Design Recipes: These centerpieces are quick, elegant

Cathy Hobbs
Tribune News Service

When it comes time to create the perfect table for your family and friends, an inviting centerpiece is often the icing on the cake.

But beyond cut flowers in a vase, a number of items can make a centerpiece pop. When looking for ways to perk up your table, from wood to metal, sand and succulents, allow simplicity and thoughtful presentation to be your guide.

Here are some creative ideas for quick and elegant centerpieces.

Go organic. Teak is a very popular wood right now and serves as the perfect foundation for a beautiful centerpiece. Consider filling a wood bowl with elements such as cabbages or apples.

Think metallic. Silver, gold and brass are popular finishes for items such as bowls and candleholders. Consider mixing metallic into your centerpiece, such as small metallic objects with more organic materials such as moss or stones.

Consider using sand. Sand is a great vessel filler. Try filling a clear vessel with pure white sand and adding a single flower or succulent on top to create an effortless yet elegant centerpiece.

■Try unconventional items to present your decor. From using a large candleholder to hold succulents or flowers to using wine glasses to display floating candles, let creativity be your guide.

Consider herbs. Herbs are pretty, affordable and a creative way to bring the outdoors in while also incorporating fragrance. Next time you are entertaining, why not have a long, low clear vessel filled with fresh lavender, rosemary or dill?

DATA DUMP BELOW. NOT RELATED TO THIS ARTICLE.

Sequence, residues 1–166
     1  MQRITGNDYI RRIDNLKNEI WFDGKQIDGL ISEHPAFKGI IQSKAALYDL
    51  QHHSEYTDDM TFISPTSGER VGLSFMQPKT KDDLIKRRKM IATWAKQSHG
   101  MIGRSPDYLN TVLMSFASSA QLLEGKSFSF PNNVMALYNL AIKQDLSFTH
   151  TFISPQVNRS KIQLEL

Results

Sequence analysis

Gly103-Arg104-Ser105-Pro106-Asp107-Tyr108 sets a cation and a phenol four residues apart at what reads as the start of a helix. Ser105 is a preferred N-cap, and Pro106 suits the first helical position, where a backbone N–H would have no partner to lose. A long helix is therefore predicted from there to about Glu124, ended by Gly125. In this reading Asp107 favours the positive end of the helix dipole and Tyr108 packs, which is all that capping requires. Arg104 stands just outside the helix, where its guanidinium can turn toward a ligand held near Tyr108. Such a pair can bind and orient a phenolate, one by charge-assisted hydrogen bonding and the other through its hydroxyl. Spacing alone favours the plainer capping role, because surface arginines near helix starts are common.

Experiment with shape, size and height. One way to create interest is to make vignette groupings. Some of the most successful are often done in groups of three. In your grouping, don’t be afraid to mix and vary items by size, shape and height.

Don’t be afraid to mix materials. Mixing materials can be one of the best ways to add interest.

Bring the outdoors in. From sand to stone, interesting twigs, branches and even moss, natural elements can serve as beautiful standalone centerpieces or foundations.

Experiment with color. Black is often an overlooked color, often considered to be drab or depressing. In reality, black can add luxury and elegance to an environment.

Use single items. So often, people think a centerpiece needs to be big and over the top. Sometimes the strongest statements can be made with a single item or stem placed in a beautiful bowl or vessel.

Cathy Hobbs, based in New York City, is an Emmy Award-winning television host and a nationally known interior design and home staging expert with offices in New York City, Boston and Washington, D.C. Contact her at, or visit her website at